POSTED: Wednesday, March 21, 2012 - 5:35pm
UPDATED: Thursday, May 10, 2012 - 1:23pm
For years the Chevy and GMC heavy duty trucks were the 90-pound weaklings getting sand kicked in their face regularly on the sales charts. That was largely due to the puny in-house diesel engine they used. When Ford and Dodge had wisely gone off the reservation to outside manufacturers for better diesels, GM stuck with it’s puny homebuilt. That changed a few years ago when corporate partner Isuzu presented them with the gift that keeps on giving, the Duramax turbo-diesel. Not since Rudolf invented the darned thing have diesel fans had it so good.
And this is a truck truly worthy of the beast. In honor of that, the Duramax is even brawnier. For now, if you have to haul 17,000 pounds of anything around, the Duramax is the only game in town. The new 6.6-liter version of the GM oiler serves up 397 horsepower and 765 ft.lbs. of torque. The Ford Powerstroke 6.7-liter rates at 735 ft. lbs., and the Dodge 6.7-liter Cummins produces 650. Both of those trucks are rated to tow about from 1-5000 pounds less.
Yes, like the goofy horsepower wars of the 1960’s where every pony under the hood and every 10th of a second less to 60 miles-per-hour were somehow worthy of Gibralter-sized bragging rights, every extra foot-pound and ounce of towing capacity is a huge deal for truck guys. So for now, the GM engine is king of the hill. How about the truck?
The New Silverado half-ton has won deserved praise as the cream of the pickup crop for now. I know, I keep qualifying it that way, but the pickup wars have been so volatile and have so many new entries these days, that anyone wearing the crown is looking over their shoulder. But the new Silverado and its stablemate the GMC Sierra, set new standards for fit, finish, solidity and quality that has everyone playing catch up.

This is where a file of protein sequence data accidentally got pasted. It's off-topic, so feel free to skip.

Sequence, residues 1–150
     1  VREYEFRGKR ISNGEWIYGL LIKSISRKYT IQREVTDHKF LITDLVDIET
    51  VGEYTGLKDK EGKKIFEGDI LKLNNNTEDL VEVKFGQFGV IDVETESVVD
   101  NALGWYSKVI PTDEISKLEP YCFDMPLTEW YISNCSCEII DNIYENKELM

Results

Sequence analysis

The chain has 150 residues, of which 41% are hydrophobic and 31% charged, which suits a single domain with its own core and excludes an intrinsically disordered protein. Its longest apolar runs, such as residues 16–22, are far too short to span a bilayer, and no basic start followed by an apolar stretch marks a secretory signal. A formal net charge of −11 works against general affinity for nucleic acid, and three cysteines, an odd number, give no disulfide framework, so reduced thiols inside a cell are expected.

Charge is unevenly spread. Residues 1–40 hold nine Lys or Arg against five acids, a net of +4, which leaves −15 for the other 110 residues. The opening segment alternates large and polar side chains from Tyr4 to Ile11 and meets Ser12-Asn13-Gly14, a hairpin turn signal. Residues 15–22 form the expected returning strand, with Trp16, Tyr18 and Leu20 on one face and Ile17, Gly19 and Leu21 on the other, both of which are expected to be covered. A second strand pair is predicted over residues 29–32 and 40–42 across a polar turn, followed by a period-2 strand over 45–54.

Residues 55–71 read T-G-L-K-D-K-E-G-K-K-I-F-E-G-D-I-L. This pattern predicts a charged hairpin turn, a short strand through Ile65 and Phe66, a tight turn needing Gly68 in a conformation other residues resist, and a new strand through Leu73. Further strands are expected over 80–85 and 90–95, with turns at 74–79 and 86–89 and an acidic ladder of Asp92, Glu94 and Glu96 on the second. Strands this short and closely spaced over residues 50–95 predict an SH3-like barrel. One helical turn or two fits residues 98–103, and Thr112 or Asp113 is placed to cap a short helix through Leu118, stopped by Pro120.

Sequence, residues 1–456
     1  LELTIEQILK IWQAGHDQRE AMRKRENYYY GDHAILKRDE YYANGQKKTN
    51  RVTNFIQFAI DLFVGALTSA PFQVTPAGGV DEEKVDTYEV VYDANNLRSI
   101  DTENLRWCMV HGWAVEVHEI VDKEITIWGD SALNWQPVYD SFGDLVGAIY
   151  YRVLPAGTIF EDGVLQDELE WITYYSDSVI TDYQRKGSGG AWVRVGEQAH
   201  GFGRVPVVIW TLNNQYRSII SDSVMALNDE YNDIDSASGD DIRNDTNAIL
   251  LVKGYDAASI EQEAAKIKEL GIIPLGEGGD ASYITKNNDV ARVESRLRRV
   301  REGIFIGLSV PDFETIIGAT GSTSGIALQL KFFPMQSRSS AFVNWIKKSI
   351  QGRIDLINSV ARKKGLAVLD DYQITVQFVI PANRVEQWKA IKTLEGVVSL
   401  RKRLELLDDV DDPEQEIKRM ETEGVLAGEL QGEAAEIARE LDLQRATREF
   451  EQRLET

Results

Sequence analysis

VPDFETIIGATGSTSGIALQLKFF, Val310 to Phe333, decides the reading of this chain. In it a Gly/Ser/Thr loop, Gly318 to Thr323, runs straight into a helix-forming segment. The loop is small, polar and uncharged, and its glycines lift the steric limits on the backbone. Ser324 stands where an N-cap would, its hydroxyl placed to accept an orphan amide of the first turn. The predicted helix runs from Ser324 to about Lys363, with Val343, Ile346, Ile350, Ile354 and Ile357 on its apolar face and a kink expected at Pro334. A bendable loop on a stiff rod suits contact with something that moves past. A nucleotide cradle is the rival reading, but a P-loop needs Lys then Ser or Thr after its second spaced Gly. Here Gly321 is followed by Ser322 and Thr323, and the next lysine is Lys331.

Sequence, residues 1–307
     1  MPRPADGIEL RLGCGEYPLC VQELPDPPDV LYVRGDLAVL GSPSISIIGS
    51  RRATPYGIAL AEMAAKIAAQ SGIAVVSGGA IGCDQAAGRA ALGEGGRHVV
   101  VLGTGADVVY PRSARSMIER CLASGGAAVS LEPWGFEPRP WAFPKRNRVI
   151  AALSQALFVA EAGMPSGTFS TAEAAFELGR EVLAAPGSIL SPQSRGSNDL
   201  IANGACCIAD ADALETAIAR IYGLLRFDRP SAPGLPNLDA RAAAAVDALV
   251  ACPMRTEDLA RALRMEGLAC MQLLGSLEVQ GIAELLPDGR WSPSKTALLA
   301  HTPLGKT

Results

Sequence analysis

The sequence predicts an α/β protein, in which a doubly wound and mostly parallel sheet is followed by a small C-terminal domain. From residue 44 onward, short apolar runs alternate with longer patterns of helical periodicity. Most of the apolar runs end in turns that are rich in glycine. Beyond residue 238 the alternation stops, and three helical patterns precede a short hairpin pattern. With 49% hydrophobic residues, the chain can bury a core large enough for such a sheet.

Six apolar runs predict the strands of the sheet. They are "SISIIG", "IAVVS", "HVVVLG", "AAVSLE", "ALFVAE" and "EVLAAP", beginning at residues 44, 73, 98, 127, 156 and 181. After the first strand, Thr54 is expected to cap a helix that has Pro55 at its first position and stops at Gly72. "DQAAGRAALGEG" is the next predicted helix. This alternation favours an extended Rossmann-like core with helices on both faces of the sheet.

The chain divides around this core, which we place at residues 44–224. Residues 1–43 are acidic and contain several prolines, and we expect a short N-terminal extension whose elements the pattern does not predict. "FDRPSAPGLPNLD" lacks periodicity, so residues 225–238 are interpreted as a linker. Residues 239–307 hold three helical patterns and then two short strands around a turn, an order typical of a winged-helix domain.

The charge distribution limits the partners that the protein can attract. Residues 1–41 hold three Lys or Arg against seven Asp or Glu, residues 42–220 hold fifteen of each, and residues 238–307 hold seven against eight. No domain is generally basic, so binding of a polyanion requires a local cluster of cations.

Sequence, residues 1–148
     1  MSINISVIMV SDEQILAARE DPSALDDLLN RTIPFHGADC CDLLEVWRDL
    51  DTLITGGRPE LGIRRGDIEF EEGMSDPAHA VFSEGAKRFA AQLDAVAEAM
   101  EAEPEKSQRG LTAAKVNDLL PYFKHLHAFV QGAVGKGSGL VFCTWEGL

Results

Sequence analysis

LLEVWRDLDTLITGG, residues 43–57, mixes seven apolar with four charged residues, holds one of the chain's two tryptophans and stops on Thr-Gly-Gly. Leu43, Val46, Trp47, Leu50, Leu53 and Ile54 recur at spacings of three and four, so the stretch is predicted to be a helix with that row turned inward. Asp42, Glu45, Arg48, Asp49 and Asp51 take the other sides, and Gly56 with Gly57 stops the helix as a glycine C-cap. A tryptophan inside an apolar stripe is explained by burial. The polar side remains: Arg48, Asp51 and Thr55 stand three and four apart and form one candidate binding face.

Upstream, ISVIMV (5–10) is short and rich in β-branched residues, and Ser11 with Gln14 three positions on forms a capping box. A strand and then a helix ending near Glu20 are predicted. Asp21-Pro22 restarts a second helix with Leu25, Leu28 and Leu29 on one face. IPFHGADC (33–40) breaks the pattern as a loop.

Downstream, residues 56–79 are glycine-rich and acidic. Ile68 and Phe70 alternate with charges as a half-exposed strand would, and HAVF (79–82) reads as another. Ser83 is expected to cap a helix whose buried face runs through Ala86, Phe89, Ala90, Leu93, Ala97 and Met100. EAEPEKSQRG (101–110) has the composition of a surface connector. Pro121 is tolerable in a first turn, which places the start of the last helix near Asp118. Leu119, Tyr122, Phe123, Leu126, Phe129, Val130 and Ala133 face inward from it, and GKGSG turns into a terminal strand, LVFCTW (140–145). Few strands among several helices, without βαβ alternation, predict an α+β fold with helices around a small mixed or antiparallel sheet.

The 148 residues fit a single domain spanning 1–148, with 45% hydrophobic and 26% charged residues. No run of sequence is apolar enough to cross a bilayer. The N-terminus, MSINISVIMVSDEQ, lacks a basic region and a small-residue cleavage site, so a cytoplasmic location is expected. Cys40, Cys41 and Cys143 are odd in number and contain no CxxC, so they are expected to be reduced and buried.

The look is no-nonsense. The HD looks like the half-ton on steroids. The fender flares a bit more pronounced and the grill taller. The look is essentially very much in the family tree, and inside, there’s more room than the average New York apartment. Although real trees weren’t used for the wood-grained dash, the fakes ones aren’t bad.
Our LTZ version had a ton of luxury options including leather 6-way seats, navigation system, satellite radio and a bunch of other things that have no business on a working truck, but do make it awfully nice. But the $13,000 or so in options was dominated by the $7200 Duramax and the $1200 Allison 6-speed transmission. Together they provide enough grunt to defy gravity.
Driving the Silverado HD is pretty much what you expect…from a half-ton. Although it’s tall, it isn’t unwieldy. I didn’t take it far off road, but judging from the climb up into the cab, which is only a little less than difficult than climbing on to a Clydesdale, ground clearance is adequate.
The new Silverado HD crew cab pickup is a formidable competitor and now the league leader among the big boys. Starting at $45,200 our truck was optioned up to just at $61K. I’d take the diesel and leave the rest. At $45,000, with a more workmanlike interior, this heavy hauler makes more sense to me. Either way though, it is the new bogey everyone will be shooting at. Good hunting, guys.